According to an October 2022 article in Health Affairs, “Hospitals in the United States are on track for their worst financial year in decades.” Median hospital operating margins were cumulatively negative through the first eight months of 2022.
The distressing numbers won’t go away soon. Labor shortages and supply-chain disruptions will continue to increase costs. Shrinking volumes in more profitable service lines and already contracted payment rates will continue to squeeze revenues.
But the situation isn’t helpless. One of the most critical things hospitals can do is improve their care for sepsis, the most significant cause of hospital-related mortality and, typically, the most expensive stay. Hospital leaders must make early identification of sepsis, and reliable application of the CMS SEP-1 bundle, priority one. There is clear evidence that doing so is the key to sustainable sepsis improvement.
Top performers comply much more frequently with the bundle by implementing and synchronizing people, process, and technology changes that enable them to deliver care according to the bundle’s steps and timing. The result is reductions in lengths of stay, use of high-cost services, mortality, and readmissions – and savings of hundreds of thousands to millions per year, depending on the size of the hospital.
Top three reasons traditional sepsis efforts underperform
Unfortunately, national compliance with bundle standards is stuck at about 50%. This helps explain why CMS and the Agency for Healthcare Research & Quality estimate the US healthcare system spends about $38 billion annually on sepsis, with costs rising about 8% a year and most hospitals losing money on every case.
Changing those numbers begins with understanding the three primary reasons hospital sepsis programs don’t achieve the hoped-for results:
- Inability to identify sepsis accurately without causing alert fatigue. Because many conditions mimic sepsis, most alerting systems are overly sensitive. The resulting alert fatigue leads to late identification and delayed treatment.
- Late or error-prone delivery of the bundle. Key steps are delayed or missed without sepsis management tools that track care and monitor bundle compliance in real-time.
- Disjointed programs don't sync people, processes and technology changes.
Steps to improve sepsis performance
By identifying improvements in three key areas - people, process, and technology - hospitals can improve efficiencies and reduce costs in a sustainable manner.
People: Battling sepsis is a team sport
The nationwide nursing shortage has led to overworked and inexperienced bedside care teams and/or the need to hire expensive agency nurses. All of them are scrambling to get up to speed on sepsis care.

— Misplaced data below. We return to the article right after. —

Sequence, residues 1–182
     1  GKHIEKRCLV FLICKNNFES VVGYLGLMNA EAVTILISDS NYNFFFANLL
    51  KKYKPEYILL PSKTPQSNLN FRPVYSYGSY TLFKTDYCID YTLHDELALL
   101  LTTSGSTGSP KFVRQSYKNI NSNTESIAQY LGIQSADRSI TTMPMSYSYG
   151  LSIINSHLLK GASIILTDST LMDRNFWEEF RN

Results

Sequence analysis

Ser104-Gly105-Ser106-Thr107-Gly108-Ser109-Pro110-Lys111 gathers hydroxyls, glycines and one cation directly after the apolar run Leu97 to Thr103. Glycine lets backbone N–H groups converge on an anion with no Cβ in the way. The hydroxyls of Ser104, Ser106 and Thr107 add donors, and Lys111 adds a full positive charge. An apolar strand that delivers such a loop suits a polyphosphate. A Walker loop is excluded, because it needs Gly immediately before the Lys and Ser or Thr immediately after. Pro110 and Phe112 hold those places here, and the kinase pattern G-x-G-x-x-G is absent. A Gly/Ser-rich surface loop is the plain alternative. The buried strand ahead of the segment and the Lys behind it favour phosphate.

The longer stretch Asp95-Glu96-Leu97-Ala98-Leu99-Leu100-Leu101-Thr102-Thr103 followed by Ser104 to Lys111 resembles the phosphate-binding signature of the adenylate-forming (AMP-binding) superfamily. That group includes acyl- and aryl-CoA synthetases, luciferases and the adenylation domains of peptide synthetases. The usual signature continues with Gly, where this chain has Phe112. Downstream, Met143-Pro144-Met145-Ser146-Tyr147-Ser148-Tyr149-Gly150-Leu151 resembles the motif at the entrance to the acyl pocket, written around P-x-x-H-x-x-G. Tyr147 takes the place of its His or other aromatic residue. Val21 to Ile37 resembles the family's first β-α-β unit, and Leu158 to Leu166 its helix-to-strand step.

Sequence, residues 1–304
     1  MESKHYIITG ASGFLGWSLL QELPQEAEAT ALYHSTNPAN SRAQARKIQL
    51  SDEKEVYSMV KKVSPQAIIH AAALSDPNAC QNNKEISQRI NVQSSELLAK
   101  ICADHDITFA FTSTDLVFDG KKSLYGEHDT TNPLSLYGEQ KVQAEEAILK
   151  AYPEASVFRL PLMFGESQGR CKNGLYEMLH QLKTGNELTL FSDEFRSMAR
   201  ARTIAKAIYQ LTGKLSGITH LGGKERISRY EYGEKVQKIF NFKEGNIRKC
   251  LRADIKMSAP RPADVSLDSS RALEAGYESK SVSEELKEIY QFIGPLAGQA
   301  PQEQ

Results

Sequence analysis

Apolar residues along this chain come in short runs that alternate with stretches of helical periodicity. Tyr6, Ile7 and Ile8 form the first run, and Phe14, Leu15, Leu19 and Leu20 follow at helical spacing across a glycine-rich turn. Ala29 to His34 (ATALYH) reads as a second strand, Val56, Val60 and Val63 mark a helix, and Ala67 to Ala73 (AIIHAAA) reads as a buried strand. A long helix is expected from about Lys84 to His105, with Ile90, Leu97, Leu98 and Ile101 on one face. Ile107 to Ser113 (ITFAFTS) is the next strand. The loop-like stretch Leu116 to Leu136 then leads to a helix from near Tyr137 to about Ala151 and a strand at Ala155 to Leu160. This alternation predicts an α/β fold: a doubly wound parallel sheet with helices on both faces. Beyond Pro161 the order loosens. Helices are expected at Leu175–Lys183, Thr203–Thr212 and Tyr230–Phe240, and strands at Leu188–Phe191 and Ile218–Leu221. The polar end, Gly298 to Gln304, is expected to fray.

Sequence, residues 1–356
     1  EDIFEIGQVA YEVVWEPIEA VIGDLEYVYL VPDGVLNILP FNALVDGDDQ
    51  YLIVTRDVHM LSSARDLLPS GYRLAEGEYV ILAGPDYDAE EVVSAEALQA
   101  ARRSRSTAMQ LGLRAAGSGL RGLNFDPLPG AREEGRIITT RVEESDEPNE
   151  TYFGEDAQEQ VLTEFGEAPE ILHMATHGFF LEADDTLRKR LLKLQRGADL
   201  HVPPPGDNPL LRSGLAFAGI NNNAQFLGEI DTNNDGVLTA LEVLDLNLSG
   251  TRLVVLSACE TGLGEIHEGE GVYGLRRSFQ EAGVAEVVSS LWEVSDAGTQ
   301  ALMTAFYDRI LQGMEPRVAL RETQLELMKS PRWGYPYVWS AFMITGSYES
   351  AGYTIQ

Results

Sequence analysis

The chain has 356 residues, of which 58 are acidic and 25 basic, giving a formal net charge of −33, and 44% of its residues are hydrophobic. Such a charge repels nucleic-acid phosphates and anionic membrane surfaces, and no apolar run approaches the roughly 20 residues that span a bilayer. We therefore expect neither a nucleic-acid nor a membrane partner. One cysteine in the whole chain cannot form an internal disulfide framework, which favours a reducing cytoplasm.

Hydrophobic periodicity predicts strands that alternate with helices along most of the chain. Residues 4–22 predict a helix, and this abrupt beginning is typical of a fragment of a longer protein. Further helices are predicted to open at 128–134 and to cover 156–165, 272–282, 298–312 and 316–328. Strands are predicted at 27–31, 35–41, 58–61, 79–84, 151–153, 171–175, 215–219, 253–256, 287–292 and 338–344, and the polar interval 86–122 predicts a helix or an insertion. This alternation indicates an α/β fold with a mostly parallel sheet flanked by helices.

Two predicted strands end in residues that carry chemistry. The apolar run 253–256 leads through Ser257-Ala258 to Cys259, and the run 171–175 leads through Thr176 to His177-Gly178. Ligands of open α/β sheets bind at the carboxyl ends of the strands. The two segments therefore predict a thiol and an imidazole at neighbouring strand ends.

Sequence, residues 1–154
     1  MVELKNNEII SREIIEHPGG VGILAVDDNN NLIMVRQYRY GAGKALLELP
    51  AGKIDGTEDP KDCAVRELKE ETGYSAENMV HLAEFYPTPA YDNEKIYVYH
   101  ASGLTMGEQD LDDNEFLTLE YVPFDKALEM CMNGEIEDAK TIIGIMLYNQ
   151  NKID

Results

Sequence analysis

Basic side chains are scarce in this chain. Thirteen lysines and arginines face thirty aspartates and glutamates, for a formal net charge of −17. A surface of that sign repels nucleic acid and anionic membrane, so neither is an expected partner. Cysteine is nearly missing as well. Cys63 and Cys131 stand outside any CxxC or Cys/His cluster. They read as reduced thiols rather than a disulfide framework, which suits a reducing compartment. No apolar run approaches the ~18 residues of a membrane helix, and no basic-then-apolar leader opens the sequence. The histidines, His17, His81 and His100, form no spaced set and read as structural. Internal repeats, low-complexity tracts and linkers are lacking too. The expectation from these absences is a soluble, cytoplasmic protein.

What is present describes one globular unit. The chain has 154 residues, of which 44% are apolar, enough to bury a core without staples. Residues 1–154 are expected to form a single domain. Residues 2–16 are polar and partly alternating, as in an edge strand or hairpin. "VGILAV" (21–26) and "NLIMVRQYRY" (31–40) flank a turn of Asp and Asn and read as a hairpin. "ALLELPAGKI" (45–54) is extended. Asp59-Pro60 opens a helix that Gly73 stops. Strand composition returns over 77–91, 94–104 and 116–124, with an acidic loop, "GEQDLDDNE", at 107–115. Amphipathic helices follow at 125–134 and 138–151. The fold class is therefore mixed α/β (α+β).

Successful hospital leadership teams respond by demonstrating their commitment to solving the problem. They get key people into the right roles and provide them with the institutional and technical support they need.
Process: Draw up the right lineups and right plays
Far too often in sepsis initiatives, hospital personnel dedicate well-intentioned but inordinate amounts of time and resources into creating and revamping sepsis improvement programs that fail to move the needle. In most cases, the costs involved are far more than what it costs to engage an external expert team that can draw on experience from multiple settings to create impactful sepsis-related roles and workflows.
Technology: Give your team the right equipment
Many hospitals rely on EHR sepsis detection tools, despite numerous studies demonstrating that those tools don’t deliver the needed results. Their false alerts lead to distractions and frustrations. Nor can most of these tools accurately detect when patients with sepsis worsen, a key to improving care. Current AI models, while promising, only offer ‘black box’ risk scores, and providers don’t trust them.
Studies have shown that what works best at present is a fully automated clinical surveillance tool that:
- Integrates with the EHR and uses advanced natural language processing to identify over 4,000 co-morbidities and patient conditions that can mimic sepsis
- Possesses built-in clinical intelligence that accurately and quickly identifies sepsis cases, thereby minimizing false alerts and earning the trust of clinical teams
- Provides a set of sepsis-specific analytics to track bundle compliance, outcomes like the length of stay and readmission rates, and reports that show how providers engage with the alerts